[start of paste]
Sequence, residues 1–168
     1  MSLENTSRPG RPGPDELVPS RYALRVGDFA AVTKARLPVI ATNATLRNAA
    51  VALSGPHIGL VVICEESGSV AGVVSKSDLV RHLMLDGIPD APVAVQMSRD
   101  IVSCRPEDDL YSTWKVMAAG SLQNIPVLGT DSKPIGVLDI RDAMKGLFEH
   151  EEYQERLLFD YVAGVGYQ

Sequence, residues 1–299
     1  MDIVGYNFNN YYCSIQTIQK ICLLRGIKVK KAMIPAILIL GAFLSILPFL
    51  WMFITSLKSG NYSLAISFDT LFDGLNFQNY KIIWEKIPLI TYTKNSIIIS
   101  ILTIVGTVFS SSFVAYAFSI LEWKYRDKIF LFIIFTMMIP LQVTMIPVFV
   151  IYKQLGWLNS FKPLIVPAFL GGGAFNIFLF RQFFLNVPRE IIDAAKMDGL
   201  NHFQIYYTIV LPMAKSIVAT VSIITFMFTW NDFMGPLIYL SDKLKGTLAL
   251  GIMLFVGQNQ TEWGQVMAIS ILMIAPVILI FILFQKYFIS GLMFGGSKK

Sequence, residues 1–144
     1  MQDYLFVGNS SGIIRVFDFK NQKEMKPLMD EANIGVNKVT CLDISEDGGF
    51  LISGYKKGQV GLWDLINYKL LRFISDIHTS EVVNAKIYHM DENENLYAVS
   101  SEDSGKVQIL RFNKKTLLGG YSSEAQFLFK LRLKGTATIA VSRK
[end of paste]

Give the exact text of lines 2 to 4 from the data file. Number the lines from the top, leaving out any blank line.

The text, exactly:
     1  MSLENTSRPG RPGPDELVPS RYALRVGDFA AVTKARLPVI ATNATLRNAA
    51  VALSGPHIGL VVICEESGSV AGVVSKSDLV RHLMLDGIPD APVAVQMSRD
   101  IVSCRPEDDL YSTWKVMAAG SLQNIPVLGT DSKPIGVLDI RDAMKGLFEH